Errors in diagnostics are failures to identify the nature of an illness accurately in a timely manner. Statistics show these errors occur in around 12 million Americans every year, and almost 50% have the potential to cause severe harm. Autopsy research shows diagnostic errors contribute to up to 10% of patient deaths.
Providers can increase diagnosis accuracy using workforce management software to optimize in-house resources, while comprehensive clinical data can increase treatment efficiency and minimize readmissions. By developing a reporting environment where organizations and professionals can share and analyze data on diagnostic errors and adverse events, providers can uncover and implement changes that improve the diagnostic process.
- Optimize Treatment Planning
Most medical conditions qualify for more than one potential treatment. When clinicians choose the correct option the first time around (instead of, say, the least expensive one), they see significantly better patient outcomes. The increased use of electronic health records and real-world data enables physicians to avoid implementing treatments unsuitable for a patient with specific comorbidities.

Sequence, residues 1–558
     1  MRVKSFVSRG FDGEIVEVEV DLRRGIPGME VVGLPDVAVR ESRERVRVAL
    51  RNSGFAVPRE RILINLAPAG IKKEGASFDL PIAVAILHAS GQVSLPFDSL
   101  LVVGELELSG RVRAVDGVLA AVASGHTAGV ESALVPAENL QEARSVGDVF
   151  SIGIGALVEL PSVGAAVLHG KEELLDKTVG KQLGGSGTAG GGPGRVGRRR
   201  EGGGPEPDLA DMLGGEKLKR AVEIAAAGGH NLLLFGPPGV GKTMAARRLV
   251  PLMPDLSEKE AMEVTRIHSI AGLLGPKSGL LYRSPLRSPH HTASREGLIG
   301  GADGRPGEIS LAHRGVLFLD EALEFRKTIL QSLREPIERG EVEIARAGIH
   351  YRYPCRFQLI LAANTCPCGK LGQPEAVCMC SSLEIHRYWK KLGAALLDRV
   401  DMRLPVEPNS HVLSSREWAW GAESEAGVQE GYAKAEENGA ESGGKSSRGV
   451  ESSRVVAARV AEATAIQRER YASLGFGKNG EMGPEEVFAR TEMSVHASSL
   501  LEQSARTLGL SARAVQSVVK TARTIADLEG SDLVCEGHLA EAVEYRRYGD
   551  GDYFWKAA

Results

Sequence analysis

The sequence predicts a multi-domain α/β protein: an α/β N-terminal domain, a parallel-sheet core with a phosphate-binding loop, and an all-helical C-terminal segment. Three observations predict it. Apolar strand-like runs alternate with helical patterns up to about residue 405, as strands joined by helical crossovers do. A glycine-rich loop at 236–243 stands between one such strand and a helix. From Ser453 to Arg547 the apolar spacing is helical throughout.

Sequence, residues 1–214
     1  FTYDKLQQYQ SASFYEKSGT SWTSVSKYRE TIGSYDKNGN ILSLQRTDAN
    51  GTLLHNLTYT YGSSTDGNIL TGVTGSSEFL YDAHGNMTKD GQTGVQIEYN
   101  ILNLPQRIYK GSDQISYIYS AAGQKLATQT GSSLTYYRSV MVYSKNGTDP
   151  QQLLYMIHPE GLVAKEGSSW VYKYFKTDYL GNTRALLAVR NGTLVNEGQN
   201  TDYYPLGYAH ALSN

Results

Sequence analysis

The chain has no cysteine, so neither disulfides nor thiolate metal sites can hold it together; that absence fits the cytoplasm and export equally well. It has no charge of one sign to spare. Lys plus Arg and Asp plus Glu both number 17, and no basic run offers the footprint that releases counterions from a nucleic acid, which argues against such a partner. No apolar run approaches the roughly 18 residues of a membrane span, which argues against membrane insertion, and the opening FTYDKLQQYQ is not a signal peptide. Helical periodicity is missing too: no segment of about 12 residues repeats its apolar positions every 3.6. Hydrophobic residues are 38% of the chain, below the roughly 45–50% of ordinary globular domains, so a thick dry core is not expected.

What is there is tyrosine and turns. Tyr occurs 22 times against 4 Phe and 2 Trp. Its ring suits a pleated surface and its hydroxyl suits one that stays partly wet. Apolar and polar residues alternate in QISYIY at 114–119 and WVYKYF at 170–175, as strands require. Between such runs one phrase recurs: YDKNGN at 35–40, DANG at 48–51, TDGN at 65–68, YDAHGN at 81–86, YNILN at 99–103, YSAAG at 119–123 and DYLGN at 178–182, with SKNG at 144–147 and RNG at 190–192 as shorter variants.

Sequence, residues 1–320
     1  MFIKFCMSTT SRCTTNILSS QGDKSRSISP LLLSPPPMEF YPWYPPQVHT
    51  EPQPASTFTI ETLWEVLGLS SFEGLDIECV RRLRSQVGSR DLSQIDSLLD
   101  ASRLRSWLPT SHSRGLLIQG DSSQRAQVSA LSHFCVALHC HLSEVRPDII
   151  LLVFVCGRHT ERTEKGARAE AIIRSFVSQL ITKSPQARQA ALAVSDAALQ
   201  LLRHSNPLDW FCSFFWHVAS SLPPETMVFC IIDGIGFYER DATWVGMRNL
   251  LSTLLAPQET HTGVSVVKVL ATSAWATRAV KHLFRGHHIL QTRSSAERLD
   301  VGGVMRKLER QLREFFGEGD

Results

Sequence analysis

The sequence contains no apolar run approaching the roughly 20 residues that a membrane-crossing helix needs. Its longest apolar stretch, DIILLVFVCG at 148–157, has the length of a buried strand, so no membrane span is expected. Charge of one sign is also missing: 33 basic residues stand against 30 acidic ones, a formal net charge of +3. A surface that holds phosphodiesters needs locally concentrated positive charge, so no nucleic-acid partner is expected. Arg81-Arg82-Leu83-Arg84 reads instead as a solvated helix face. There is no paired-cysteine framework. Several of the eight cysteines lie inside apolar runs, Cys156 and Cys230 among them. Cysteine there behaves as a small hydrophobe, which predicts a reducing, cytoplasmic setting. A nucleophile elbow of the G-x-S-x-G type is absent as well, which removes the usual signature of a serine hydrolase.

Since more than 133 million Americans suffer from chronic diseases, choosing the ideal treatment is essential to positive patient outcomes. Clinical pathways, sophisticated diagnostic methods, and evidence-based practices allow practitioners to optimize treatment planning for patients, helping them improve clinical outcomes.
Achieving better patient results is the primary goal of Xevant’s intelligent analytics platform. Discover how detailed, actionable data can help you optimize treatment planning, manage drug costs and adherence, and improve clinical outcomes. Contact us to schedule a demo today.